building UN045

Is Your HiPo Strategy Ready for the Next Economic Shakeup?

Distinguishing high potentials from high performers is vital to sustaining uncertainties. Learn what you need to consider in implementing a best-in-class HiPo strategy.

Leaders have a lot to handle as they navigate the Great Resignation and looming economic uncertainty. Amidst major staff shakeups, there is an intensified focus on identifying and mobilizing leaders who can guide organizations through uncertain times. As a result, a growing number of HR and business leaders are seeking the latest methods to identify, place, and develop high potential leaders. 
Employees are often deemed high potentials because of their current strong performance and desire to take on a higher-level role. But as the saying goes, what got you here will not get you there: the qualities that make someone great today do not always translate to success at the next level. Further, high potential identification often lacks objective data and measurement against evidence-backed competencies known to predict future success. This decreases the predictive power and introduces bias into high potential identification processes.  

So how are best-in-class organizations identifying high potential leaders who will sustain success amidst change and uncertainty?

The qualities that make someone great today do not always translate to success at the next level. 

Measuring the right predictors of high potential 

The past few years have uniquely highlighted the leadership qualities required to maintain stability during times of uncertainty and crisis. As such, consider the role of each of these competencies that truly differentiate high potentials from high performers:  

  1. Resilience: The ability to push through difficult situations with a clear mind, bounce back after failure, and overcome challenges is crucial for leadership in times of uncertainty.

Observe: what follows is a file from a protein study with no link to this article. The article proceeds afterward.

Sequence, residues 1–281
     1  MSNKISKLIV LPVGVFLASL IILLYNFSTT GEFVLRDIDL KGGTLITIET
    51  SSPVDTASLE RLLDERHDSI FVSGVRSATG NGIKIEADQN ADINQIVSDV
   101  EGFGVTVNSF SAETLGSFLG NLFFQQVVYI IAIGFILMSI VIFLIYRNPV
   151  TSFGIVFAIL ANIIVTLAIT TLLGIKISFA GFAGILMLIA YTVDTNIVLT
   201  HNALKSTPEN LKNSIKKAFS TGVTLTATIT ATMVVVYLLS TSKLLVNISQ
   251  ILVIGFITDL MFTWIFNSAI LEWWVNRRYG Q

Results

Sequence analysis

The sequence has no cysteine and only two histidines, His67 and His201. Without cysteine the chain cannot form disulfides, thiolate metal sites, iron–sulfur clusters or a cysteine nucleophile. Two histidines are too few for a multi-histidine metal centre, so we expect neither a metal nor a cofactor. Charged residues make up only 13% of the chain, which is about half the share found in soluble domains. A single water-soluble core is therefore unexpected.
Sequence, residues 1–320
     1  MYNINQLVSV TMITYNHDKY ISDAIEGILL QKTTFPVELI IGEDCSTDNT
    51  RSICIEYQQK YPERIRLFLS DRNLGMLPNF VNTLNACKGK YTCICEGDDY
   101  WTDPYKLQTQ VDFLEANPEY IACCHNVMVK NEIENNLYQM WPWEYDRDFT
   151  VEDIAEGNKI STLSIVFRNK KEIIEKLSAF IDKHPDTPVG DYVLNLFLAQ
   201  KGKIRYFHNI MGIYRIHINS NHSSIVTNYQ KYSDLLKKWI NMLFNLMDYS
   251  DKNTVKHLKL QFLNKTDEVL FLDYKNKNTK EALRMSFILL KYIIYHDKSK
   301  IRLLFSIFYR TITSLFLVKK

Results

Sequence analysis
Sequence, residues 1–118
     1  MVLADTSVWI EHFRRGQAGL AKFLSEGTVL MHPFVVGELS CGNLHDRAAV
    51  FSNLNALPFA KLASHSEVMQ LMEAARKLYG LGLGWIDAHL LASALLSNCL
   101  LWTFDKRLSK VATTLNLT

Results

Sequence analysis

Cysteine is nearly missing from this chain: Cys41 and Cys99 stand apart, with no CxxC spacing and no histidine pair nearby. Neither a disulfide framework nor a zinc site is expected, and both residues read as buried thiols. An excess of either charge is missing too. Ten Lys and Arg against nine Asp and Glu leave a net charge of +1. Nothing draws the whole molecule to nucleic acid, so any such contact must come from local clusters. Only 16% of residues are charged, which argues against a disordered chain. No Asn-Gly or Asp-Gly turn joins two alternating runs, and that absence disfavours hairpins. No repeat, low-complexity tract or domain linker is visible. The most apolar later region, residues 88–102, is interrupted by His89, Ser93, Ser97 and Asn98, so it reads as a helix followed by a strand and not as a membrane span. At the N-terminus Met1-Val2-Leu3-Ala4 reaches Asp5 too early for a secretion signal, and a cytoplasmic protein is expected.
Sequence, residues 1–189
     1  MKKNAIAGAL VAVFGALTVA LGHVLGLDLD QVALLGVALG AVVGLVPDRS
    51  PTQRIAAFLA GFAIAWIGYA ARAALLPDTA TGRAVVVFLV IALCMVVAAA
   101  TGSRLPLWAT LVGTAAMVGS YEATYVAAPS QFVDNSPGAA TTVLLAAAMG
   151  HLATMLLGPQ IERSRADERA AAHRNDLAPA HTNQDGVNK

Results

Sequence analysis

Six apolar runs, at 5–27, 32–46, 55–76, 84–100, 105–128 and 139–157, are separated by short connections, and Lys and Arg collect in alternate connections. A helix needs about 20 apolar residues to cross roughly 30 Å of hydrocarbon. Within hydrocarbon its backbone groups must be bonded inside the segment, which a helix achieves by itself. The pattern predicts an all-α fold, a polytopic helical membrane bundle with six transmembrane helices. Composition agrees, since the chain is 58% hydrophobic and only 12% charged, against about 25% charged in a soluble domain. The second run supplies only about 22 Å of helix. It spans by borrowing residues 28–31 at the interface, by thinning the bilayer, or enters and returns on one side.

2. Empathy: The ability to understand others’ feelings and show empathy during a crisis has been rated as one of the most important leadership qualities by experts around the world.  

  3. Communication: This includes sharing information broadly, creating streamlined channels of communication, keeping the message simple, communicating frequently, and reinforcing and repeating information through multiple outlets and sources. This is increasingly important in today’s virtual world of work.   

  4. Candor: As Brene Brown preaches, clear is kind. Leaders must be able to speak with transparency and clarity. Speaking the truth, even when the answer is difficult, is an important tool for building trust-based cultures. 
  5. Humility/ vulnerability: People who demonstrate humility and vulnerability build trust faster than others. Humble leaders check their egos, admit mistakes, and learn from others. Vulnerable leaders have the added ability to leave themselves open to receiving critical feedback, keep an open mind, and resist becoming defensive. 

  6. Active listening: Leaders often feel pressure to have answers. However, especially in times of uncertainty, the best insights and decisions are reached through listening. Three vital questions high potential leaders ask themselves include:  

Does this need to be said?  
Does this need to be said by me?  
Does this need to be said right now? 

Best-in-class high potential programs focus on measuring leaders against an objective and predictive set of competencies to identify high potentials. Those that use a structured and predictive set of measures are most likely to engage their workforce and promote leaders who will succeed during times of uncertainty and crisis.  

To learn more about how to implement a best-in-class HiPo strategy, contact us today! 

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Erin Lazarus

Erin Lazarus is a people science enthusiast and Industrial-Organizational Psychology leader focused on building teams that provide the opportunity for every person to work at their highest point of contribution. She leads teams to design powerful candidate and employee experiences that allow organizations to harness the power of their people. Her teams partner with business leaders using science and data to enhance people strategy in areas including employee selection, workplace assessment, organizational culture, employee engagement, performance management, succession planning, and leadership development. At SHL, Erin consults with clients to transform productivity through deeper people insight.

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